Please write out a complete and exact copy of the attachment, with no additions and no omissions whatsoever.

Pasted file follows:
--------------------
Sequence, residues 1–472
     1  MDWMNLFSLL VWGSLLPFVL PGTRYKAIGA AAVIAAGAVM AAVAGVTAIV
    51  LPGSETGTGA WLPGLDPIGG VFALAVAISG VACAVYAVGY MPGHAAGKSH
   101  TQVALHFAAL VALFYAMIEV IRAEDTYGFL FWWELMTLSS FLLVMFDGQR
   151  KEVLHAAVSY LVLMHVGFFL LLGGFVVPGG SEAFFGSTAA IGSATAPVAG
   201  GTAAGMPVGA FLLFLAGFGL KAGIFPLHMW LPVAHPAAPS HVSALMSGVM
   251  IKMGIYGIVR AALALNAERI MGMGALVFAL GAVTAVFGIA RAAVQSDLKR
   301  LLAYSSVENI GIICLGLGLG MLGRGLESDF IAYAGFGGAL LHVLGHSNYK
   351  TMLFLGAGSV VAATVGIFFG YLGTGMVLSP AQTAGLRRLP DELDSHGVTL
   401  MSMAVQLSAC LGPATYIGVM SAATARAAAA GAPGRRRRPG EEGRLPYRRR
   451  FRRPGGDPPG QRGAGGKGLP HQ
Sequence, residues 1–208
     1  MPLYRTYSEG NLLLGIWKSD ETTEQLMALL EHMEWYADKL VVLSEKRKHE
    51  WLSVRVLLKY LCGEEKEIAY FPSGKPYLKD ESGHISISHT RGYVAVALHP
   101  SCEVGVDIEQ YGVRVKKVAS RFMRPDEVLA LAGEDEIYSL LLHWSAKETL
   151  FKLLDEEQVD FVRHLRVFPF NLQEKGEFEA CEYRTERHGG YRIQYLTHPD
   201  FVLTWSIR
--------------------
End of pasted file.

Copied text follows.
Sequence, residues 1–472
     1  MDWMNLFSLL VWGSLLPFVL PGTRYKAIGA AAVIAAGAVM AAVAGVTAIV
    51  LPGSETGTGA WLPGLDPIGG VFALAVAISG VACAVYAVGY MPGHAAGKSH
   101  TQVALHFAAL VALFYAMIEV IRAEDTYGFL FWWELMTLSS FLLVMFDGQR
   151  KEVLHAAVSY LVLMHVGFFL LLGGFVVPGG SEAFFGSTAA IGSATAPVAG
   201  GTAAGMPVGA FLLFLAGFGL KAGIFPLHMW LPVAHPAAPS HVSALMSGVM
   251  IKMGIYGIVR AALALNAERI MGMGALVFAL GAVTAVFGIA RAAVQSDLKR
   301  LLAYSSVENI GIICLGLGLG MLGRGLESDF IAYAGFGGAL LHVLGHSNYK
   351  TMLFLGAGSV VAATVGIFFG YLGTGMVLSP AQTAGLRRLP DELDSHGVTL
   401  MSMAVQLSAC LGPATYIGVM SAATARAAAA GAPGRRRRPG EEGRLPYRRR
   451  FRRPGGDPPG QRGAGGKGLP HQ
Sequence, residues 1–208
     1  MPLYRTYSEG NLLLGIWKSD ETTEQLMALL EHMEWYADKL VVLSEKRKHE
    51  WLSVRVLLKY LCGEEKEIAY FPSGKPYLKD ESGHISISHT RGYVAVALHP
   101  SCEVGVDIEQ YGVRVKKVAS RFMRPDEVLA LAGEDEIYSL LLHWSAKETL
   151  FKLLDEEQVD FVRHLRVFPF NLQEKGEFEA CEYRTERHGG YRIQYLTHPD
   201  FVLTWSIR